Ommiberg 2017 takes place this Saturday, 4 March. If you’re unsure of whether to attend, or haven’t heard about the festival before, I’ve got the inside info on what to expect from this year’s 10th year edition. Last week, I was lucky enough to attend an Ommiberg media day on behalf of Kitchen, where I was given an exclusive taste (literally and figuratively) of what Saturday’s celebrations will entail.
Our sneak peek experience began at Mellasat, which is a breathtakingly beautiful farm complete with gravel road drive-up, well-kept horses, and quaint garden character. Mellasat is the home of South Africa’s first white pinotage, which I was giddy with excitement to taste for the first time. And let me tell, it’s a complete mind trip considering it LOOKS like white wine, but TASTES like red. Mellasat’s white pinotage will be available for tasting this Saturday.
Whilst contemplating that anomaly, we set off for Calais, which was probably my favourite farm of the day. Every aspect of the farm, from its wines, to its emblem are rich in meaning and symbolism. Each wine we tasted had a special heartfelt story. For instance, Calais’ St Mikael Cabernet Sauvignon was named after the owner’s grandfather who longed to see his family return to farming, but died before he got a chance to visit Calais and see his wish become reality. Another of their wines called Applause, was named after the owner’s dog, while the parrot on the estate’s emblem is a tongue-in-cheek take on the traditional eagle crest. A visit to Calais is like stepping into a story book, and the owners are more than willing to share their stories with you.
It’s also at Calais where we got to speak to brave volunteer fire fighters who form part of the community fire watch in Paarl. These volunteers immediately assist farmers when farms catch ablaze, ensuring fires don’t spread. This is imperative considering most farmers will first attempt to put out a fire themselves before having to call in expensive emergency services. However, by this time, it’s unfortunately too little too late, and the farm, plus it’s neighboring farm usually have to be evacuated. Such was the case when Calais’ own manor house burned down during the recent fires that ravaged most of Paarl.
The devastation caused by these fires was most notable at Druk My Niet, which was our next stop. Viticulturist, and winemaker, Alex has only been at the farm for six months, and has had to deal with the loss of most her vines. Druk My Niet is THEE place for red wine lovers. And Alex prides herself on making reds for a niche palate. She states that a Druk My Niet red isn’t necessarily made for the commercial market, and it’s okay if you don’t really like their offerings. However, they certainly have a new fan in me! Their Cabernet Sauvignon is smoother and more luxurious than any I’ve ever tasted, and their T3 mediterranean blend of Tempranillo, Tannat, and Tinta Amarella is a rich and unique experience.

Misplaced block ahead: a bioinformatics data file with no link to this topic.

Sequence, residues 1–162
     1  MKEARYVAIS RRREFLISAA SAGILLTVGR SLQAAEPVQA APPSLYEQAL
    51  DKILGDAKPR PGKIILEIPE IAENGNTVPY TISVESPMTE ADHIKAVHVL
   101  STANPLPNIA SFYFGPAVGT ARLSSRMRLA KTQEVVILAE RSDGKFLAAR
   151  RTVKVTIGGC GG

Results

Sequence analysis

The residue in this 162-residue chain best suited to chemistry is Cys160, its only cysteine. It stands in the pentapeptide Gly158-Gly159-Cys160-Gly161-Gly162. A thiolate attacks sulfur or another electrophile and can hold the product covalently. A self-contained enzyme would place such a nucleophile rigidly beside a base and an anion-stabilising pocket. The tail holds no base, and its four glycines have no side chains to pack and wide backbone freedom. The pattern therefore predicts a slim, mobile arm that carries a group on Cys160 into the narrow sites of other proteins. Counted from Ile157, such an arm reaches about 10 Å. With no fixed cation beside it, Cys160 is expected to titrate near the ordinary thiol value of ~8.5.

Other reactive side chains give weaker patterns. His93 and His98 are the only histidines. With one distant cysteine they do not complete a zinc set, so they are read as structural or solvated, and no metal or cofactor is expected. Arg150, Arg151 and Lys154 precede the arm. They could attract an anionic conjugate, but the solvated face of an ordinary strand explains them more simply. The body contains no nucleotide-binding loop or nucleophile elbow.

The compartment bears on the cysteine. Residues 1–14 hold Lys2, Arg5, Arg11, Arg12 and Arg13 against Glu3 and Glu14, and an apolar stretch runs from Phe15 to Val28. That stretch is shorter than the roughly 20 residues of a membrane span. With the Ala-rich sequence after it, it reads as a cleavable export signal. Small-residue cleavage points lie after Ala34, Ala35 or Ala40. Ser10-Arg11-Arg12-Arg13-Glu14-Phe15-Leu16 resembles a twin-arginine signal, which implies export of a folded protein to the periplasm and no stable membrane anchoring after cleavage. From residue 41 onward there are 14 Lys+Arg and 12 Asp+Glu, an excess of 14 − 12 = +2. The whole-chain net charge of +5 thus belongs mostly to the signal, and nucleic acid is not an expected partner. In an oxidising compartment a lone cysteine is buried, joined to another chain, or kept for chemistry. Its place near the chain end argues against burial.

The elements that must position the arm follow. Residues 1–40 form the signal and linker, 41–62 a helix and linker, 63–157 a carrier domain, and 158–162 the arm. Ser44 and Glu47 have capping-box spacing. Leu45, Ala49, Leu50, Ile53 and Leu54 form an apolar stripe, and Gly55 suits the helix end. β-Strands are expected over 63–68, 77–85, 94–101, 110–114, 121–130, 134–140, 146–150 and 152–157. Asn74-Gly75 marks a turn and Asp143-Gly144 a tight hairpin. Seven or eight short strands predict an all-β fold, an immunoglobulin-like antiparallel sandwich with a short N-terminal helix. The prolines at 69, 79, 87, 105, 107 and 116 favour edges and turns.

Toeka Stoor was our next destination, and it has to be the quirkiest wine farm I’ve ever visited. Their selection of bric-a-brac and antiques is exceptional, so if you’re a vintage fanatic, GET THERE NOW! The owner is said to be slightly obsessed with tractors, which is immediately evident considering the actual vintage tractor situated in the restaurant, as well as the general motor paraphernalia mounted on the walls. I cannot wait to return to Toeka Stoor for a rustic farm-style lunch.
Perdeberg with its sophisticated elegance was quite the departure from Toeka Stoor’s eccentricity. It was here that we took part in an educating wine quiz or “Gustation Tasting Challenge” with delightful prizes up for grabs, and were treated to expertly curated cheese and meat platters served with the freshest bread. It was interesting to learn about Perdeberg’s recently launched and acclaimed Dry Land range which showcases grapes grown in dry and testing terroir. Because of this, these vines were in no way affected by drought or fire, showing true foresight by Perdeberg’s winemakers.